Rolling international border closures as a result of the pandemic are playing havoc with Australian companies’ longstanding reliance on recruiting imported talent — but there are options to explore.
Skilled migration was critical to our economic success as a country when the international borders slammed shut. Before the pandemic, more than 100,000 migrants arrived on our shores annually under the skilled migration program — comprising 50 per cent of permanent arrivals in Australia. Net overseas migration accounted for 57 per cent of Australia’s population growth and more than 20 per cent of the increase in the economy’s productive capacity for two decades — estimated at $172b in additional output.
COVID-19 may have put an end to all of that, exposing many sectors reliant on importing talent. Directors across agribusiness, hospitality, technology and cleaning services have recalibrated their plans for attracting the best and brightest. The adjustment is just the tip of the iceberg. Experts say policymakers and employers have long overlooked training and development more than they should have in a modern economy, exposing business to undue risk as the talent pool contracts.
Advance.org is an expat professional network for the Australian global diaspora, with an estimated 750,000 members. Director Warrick Cramer, who also sits on the board of Hackers/Founders, says the situation is fuelling frustration among companies. “Competition for talent is now global, with many of the top talent using remote workplaces until borders open. There is an overall sense of frustration and rising anger with the ongoing border closures because this is a handbrake on Australian companies competing with open digital economies around the world,” says Cramer. “The tech companies are finding it challenging to fill key roles, and they’ve become more creative about where and how their senior people are working. And the smart companies in Australia have discovered the expat talent pool and are hiring people who would otherwise not have been available to them.”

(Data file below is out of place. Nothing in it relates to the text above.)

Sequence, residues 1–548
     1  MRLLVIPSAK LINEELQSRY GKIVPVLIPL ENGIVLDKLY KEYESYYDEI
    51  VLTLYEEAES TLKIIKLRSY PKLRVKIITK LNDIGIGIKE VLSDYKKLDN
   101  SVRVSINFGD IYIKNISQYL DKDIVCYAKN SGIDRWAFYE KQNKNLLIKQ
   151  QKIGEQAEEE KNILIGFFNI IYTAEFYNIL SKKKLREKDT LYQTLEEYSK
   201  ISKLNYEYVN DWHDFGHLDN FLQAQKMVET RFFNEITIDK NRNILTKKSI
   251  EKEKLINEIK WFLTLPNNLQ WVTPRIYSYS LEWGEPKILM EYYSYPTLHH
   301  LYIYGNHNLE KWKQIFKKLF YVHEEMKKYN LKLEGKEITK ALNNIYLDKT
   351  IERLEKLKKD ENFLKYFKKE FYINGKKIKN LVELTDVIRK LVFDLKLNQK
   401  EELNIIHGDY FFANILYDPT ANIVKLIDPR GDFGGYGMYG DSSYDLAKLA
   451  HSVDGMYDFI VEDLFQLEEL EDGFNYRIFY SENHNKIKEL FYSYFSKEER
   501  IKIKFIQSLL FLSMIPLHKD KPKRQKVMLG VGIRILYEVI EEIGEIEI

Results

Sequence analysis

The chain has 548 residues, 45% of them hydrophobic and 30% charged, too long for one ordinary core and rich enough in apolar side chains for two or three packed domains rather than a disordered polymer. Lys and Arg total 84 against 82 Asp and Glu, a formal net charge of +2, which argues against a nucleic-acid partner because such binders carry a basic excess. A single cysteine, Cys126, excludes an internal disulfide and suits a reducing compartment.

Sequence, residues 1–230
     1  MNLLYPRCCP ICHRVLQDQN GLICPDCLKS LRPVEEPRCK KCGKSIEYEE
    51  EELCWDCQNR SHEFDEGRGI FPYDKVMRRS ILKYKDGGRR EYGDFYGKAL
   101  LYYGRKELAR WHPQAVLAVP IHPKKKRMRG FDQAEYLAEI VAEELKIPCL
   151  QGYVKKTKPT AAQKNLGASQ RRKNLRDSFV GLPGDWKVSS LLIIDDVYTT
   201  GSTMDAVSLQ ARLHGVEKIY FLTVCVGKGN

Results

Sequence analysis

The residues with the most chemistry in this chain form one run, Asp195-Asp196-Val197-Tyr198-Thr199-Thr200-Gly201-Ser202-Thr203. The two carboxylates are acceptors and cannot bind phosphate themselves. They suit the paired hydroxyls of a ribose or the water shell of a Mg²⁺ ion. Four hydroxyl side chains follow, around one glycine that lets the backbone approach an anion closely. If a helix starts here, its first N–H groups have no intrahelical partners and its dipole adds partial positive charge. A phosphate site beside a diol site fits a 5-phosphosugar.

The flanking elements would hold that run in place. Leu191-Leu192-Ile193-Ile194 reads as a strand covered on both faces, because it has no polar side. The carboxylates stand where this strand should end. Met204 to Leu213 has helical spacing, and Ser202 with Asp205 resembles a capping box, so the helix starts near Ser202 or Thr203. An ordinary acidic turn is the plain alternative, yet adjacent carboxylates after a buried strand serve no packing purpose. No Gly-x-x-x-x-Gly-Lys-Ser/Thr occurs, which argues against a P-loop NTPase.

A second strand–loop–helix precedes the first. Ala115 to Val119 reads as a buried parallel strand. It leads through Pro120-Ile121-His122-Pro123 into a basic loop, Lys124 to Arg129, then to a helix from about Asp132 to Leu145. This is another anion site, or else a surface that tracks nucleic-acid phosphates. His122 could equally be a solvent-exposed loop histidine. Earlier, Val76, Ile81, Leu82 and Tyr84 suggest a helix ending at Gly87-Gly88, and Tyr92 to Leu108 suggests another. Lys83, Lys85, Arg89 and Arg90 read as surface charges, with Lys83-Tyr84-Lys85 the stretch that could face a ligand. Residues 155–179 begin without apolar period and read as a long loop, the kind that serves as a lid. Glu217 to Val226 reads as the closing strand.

Cramer is referring to the 480,000 repats who have returned home since the beginning of the pandemic, providing a melting pot of talent that organisations would be wise to tap into. They’re arriving from a range of countries and cities — New York, London, Singapore and Hong Kong, to name a few. Some have had their careers cut short due to COVID-19 — providing the perfect poaching ground for other companies.
This repat talent pool may prove helpful. The federal government has signalled that borders will remain closed until at least mid-2022 and Treasury’s Intergenerational Report finds that the pandemic is causing a short-run shock to net overseas migration, which is forecast to be negative as more people leave the country than enter it. “In net terms, 97,000 people are forecast to leave Australia in 2020–21 and 77,000 are forecast to leave in 2021–22,” the report says.
Challenges laid bare
Border closures have been of particular concern to companies such as food manufacturer SPC, affected by both ends of the talent pipeline. The organisation has made several key acquisitions in the past 18 months and expanded its portfolio under the leadership of CEO Robert Giles GAICD, who says COVID-19 has highlighted the lack of available workers to undertake seasonal work in the absence of overseas support.“ Although we are not a grower, it impacts our ability to process and manufacture food. We see fruit picking as helping to address regional economic development.”
We’re going to be far more impacted in five years’ time if global corporate migration patterns don’t return to where they were.
SPC has announced several key hires across key areas of the business as part of its global growth strategy, including across the C-Suite. But Giles admits it’s been challenging to do this virtually. “We believe it’s essential to ensure our staff are well- suited to our organisation and it’s been challenging having to do this virtually. COVID-19 has challenged us to redefine how we secure the best talent. We’re obviously keen to have conversations with international partners and customers when international travel is possible,” he says.